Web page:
The Nordland Tiger tank and a self-propelled assault gun were to spearhead the main charge across the Weidendammer Bridge. Word had spread of the breakout and many hundreds of SS, Wehrmacht soldiers and civilians had assembled. It was a gathering which Soviet troops could not fail to miss. The first mass rush, led by the Tiger tank, took place just after midnight, but although the armoured monster managed to smash through the barrier on the north side of the bridge, they soon ran into very heavy fire in the Ziegelstrasse beyond. An anti-tank round struck the Tiger and many of the civilians and soldiers in its wake were mown down. Axmann was wounded, but managed to stagger on his way. Bormann and Dr Stumpfegger were knocked over by the blast when the tank was hit, but they recovered and went on. Bormann carried the last copy of Hitler’s testament, and he evidently hoped to use it to justify his claim to a position in Donitz’s government when he reached Schleswig-Holstein.

Another attack over the bridge was made soon afterwards, using a self-propelled 20mm quadruple flak gun and a half-track. This too was largely a failure. A third attempt was made at around i a.m., and a fourth an hour later. Bormann, Stumpfegger, Schwaegermann and Axmann kept together for a time. They followed the railway line to the Lehrterstrasse Bahnhof. There they split up. Bormann and Stumpfegger turned north-eastwards towards the Stettiner Bahnhof. Axmann went the other way, but ran into a Soviet patrol. He turned back and followed Bormann’s route. Not long afterwards he came across two bodies. He identified them as Bormann and Stumpfegger, but he did not have time to discover how they had died. Martin Bormann, although not of his own volition, was the only major Nazi Party leader to have faced the bullets of the Bolshevik enemy. All the others – Hitler, Goebbels, Himmler and Goring – took their own lives.

Krukenberg had meanwhile assembled most of his French SS escort. They joined up with Ziegler and a much larger group from the Nordland. Krukenberg estimated that there were four or five holders of the Knight’s Cross among them. They managed to cross the Spree shortly before dawn. But they came under heavy fire just a few hundred metres short of the Gesundbrunnen U-Bahn station. Ziegler was hit by a ricochet and mortally wounded. Several others in their group also fell, among them Eugene Vanlot, the young French recipient of the Knight’s Cross. He died in a nearby cellar three days later.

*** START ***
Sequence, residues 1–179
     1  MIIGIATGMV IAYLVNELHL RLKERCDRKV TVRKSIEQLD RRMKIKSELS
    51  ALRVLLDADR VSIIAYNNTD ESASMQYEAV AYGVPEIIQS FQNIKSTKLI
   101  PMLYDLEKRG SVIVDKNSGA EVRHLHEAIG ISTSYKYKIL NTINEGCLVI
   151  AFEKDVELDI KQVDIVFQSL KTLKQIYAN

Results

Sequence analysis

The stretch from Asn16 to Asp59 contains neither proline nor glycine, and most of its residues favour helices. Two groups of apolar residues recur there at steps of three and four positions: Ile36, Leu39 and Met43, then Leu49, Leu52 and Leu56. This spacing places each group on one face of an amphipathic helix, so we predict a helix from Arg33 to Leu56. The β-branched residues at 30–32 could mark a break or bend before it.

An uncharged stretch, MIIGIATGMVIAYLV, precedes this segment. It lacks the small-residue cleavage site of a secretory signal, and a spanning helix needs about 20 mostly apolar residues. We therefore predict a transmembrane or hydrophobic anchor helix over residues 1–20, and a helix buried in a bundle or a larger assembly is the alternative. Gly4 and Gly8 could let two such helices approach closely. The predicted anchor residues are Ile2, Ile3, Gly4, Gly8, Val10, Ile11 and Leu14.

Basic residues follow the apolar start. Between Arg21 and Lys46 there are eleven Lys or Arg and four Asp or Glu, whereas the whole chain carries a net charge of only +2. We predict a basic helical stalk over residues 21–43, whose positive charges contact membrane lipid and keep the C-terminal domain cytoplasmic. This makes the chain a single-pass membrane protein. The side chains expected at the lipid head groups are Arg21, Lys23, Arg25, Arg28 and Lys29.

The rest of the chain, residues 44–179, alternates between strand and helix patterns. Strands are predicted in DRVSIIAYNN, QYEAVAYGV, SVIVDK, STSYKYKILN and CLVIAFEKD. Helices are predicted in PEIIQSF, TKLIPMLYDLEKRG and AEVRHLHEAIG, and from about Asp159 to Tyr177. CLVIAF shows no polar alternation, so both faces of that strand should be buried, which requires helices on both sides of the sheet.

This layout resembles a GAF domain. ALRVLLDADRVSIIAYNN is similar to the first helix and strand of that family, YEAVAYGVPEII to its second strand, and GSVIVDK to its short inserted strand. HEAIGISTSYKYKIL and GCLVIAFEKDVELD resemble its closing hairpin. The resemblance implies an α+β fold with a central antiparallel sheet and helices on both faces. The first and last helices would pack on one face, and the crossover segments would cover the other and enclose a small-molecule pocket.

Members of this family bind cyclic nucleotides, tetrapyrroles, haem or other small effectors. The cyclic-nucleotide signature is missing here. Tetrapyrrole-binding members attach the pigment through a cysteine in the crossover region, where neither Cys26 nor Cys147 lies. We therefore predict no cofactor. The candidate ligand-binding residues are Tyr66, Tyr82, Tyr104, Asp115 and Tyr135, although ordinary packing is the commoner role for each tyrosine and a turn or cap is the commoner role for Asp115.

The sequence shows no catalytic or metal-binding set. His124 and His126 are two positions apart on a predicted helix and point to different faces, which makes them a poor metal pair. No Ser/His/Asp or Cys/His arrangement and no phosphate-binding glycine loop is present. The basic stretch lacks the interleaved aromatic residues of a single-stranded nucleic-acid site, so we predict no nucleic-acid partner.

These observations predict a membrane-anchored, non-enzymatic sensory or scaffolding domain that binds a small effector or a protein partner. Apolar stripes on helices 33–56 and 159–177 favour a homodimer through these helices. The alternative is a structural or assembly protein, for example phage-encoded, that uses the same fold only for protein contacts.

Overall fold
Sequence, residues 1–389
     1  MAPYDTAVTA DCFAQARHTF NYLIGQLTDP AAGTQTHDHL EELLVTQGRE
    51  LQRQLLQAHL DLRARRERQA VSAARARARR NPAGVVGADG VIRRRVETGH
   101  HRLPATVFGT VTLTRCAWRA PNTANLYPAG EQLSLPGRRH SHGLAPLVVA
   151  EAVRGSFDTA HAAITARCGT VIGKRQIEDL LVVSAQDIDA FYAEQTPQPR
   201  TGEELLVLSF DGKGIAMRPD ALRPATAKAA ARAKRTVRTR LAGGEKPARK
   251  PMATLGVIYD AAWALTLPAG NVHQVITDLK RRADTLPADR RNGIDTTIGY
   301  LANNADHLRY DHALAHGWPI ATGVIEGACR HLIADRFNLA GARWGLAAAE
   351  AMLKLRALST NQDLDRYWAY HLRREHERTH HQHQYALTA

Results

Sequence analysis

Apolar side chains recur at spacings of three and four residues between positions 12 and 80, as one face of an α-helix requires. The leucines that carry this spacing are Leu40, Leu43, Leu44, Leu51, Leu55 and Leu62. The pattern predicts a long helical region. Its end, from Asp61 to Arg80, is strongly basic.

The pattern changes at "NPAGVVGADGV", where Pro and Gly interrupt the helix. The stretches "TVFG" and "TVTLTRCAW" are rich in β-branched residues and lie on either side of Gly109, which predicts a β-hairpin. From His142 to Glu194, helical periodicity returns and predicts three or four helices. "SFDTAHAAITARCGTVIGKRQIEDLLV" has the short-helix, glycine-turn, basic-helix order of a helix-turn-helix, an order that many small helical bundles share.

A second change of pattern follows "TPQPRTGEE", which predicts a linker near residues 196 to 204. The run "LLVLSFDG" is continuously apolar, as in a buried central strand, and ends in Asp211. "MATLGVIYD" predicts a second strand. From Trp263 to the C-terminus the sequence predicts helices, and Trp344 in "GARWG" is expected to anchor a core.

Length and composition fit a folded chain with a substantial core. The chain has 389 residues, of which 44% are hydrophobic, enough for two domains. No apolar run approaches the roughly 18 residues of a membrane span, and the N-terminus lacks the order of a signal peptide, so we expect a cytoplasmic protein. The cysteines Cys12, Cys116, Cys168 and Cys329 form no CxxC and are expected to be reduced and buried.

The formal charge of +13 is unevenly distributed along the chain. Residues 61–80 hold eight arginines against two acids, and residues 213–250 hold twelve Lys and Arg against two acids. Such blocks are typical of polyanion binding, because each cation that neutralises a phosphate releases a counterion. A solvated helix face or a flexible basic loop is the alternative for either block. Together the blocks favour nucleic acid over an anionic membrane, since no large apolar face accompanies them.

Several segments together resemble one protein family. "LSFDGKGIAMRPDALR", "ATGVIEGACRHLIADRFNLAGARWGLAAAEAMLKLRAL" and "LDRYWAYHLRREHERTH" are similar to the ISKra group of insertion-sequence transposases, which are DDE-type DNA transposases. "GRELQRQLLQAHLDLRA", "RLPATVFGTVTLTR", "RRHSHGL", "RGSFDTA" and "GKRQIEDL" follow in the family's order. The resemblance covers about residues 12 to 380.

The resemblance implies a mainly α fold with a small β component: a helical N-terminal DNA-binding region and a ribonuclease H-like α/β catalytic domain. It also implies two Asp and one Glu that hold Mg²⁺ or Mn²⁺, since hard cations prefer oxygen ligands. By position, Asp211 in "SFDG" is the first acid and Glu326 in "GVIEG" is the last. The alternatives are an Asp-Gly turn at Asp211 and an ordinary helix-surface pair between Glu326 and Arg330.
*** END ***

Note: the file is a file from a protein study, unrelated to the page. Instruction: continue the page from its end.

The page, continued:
The Soviet forces in the area had been reinforced so strongly that Krukenberg and his remaining companions had no choice but to retreat the way they had come. At the top end of the Ziegelstrasse they saw the Tiger tank which Mohnke had taken from them. There was no sign of any of its crew. One of Krukenberg’s officers had spotted a joinery workshop nearby and there they discovered some overalls to disguise themselves. Krukenberg managed to make his way to Dahlem, where he hid for over a week in the apartment of friends. Eventually he had no choice but to surrender.

Forschungsmitarbeiter Mitch Williamson is a technical writer with an interest in military and naval affairs. He has published articles in Cross & Cockade International and Wartime magazines. He was research associate for the Bio-history Cross in the Sky, a book about Charles ‘Moth’ Eaton’s career, in collaboration with the flier’s son, Dr Charles S. Eaton. He also assisted in picture research for John Burton’s Fortnight of Infamy. Mitch is now publishing on the WWW various specialist websites combined with custom website design work. He enjoys working and supporting his local C3 Church. “Curate and Compile“